Analysis: So, is Las Vegas a sanctuary city or not?


Steve Marcus

U.S. Attorney General Jeff Sessions speaks to representatives from federal, state, and local law enforcement at the U.S. Attorney’s Office in Las Vegas Wednesday, July 12, 2017.

Maybe now, the Trump administration will quit threatening to punish Las Vegas for being a sanctuary city.

Or maybe not.

Attorney General Jeff Sessions’ appearance in Las Vegas this morning yielded no clarity on whether the federal government would continue to classify Las Vegas as a sanctuary city, a designation that could lead to the loss of federal funding for the city.

Here’s what we know after Sessions’ speech to local and state law enforcement authorities at the U.S. Attorney’s Office:

Sessions and Clark County Sheriff Joe Lombardo met in person to talk over the issue.

Sessions concluded, “I’m not sure if that (Las Vegas being classified as a sanctuary city) was accurate, and we’re going to get on that quickly.”

Sessions says he’ll review his findings and make a determination soon.

If there was a breakthrough during the Sessions’ visit, the parties involved were playing it close to the vest.

“I think they realize that what we’ve said is accurate and they’re willing to listen to us,” said Metro lobbyist Chuck Callaway. “I thank them for that, for the attorney general taking the time to sit down with the sheriff and listen to why we had concerns about being listed as uncooperative.”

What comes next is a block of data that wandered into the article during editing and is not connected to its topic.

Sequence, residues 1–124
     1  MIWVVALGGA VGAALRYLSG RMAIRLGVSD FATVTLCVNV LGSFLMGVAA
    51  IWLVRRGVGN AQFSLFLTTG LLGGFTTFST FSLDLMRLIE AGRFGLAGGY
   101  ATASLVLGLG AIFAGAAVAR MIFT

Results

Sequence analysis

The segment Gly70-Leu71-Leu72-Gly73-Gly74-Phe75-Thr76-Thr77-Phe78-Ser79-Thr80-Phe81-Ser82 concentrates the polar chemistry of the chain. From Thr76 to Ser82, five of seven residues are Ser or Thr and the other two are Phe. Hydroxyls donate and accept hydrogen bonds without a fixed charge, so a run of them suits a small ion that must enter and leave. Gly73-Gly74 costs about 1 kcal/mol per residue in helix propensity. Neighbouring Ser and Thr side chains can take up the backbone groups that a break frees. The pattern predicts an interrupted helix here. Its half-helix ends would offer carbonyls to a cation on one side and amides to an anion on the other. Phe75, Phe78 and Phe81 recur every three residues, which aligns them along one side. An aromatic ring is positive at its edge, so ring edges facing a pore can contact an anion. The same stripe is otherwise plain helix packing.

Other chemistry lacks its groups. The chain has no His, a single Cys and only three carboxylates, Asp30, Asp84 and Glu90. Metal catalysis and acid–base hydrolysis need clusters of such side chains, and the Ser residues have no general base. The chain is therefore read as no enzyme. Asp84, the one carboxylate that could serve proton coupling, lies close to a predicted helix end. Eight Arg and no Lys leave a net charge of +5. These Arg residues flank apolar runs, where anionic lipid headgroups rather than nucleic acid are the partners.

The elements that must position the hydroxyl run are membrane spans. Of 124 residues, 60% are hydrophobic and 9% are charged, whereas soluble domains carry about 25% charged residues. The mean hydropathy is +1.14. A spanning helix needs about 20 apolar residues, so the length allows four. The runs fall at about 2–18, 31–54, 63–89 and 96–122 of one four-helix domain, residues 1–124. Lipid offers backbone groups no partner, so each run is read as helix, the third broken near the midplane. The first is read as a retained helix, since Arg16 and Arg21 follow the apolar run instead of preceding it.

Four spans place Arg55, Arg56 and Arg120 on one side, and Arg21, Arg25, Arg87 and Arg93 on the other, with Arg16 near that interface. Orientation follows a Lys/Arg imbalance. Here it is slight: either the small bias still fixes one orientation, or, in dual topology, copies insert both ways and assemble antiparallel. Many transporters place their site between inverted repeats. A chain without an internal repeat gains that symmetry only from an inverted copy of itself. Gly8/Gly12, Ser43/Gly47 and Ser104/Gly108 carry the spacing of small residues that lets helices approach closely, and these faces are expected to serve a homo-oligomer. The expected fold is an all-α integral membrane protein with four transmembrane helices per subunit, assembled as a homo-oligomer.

There was no indication from Metro that the local department offered any concessions during the conversation with Sessions. Callaway said Metro was cooperating fully with Immigration and Customs Enforcement. When Metro officers make arrests, he said, they notify ICE if their background check shows the suspect is an undocumented immigrant and then hold that person if ICE provides them with probable cause to do so.

Callaway said Las Vegas ended up on a federal list of sanctuary cities last year based on a memo distributed by former Sheriff Doug Gillespie saying that the department would stop holding anyone without an immigration detainer after the point at which the person was entitled to be released. The memo came after a federal court ruling that raised constitutional concerns about such detainments.

But Callaway said that when ICE identifies a detainee and provides Metro with probable cause to hold that person, “we cooperate 100 percent.” As before Trump was elected, Callaway said, local officers aren’t “out in the field doing ICE’s job for them,” meaning local officers aren’t seeking out illegal immigrants.

Only time will tell whether that explanation is good enough for Sessions and the Trump administration.

Sessions didn’t take any questions after his remarks, either from law enforcement officers in attendance or from the media.

On other subjects, he also didn’t break much ground, given that Trump ran as the law and order candidate: The feds are pushing to reduce gang crime, violence in general, opioid addiction and human trafficking, and they expect local departments to help.

“We must not concede a single street corner or a single block,” Sessions said. “We will work to strengthen our partnerships with you.”

And then he was gone. Those who came to his “I talk, you listen” appearance expecting revelations came away with few, if any.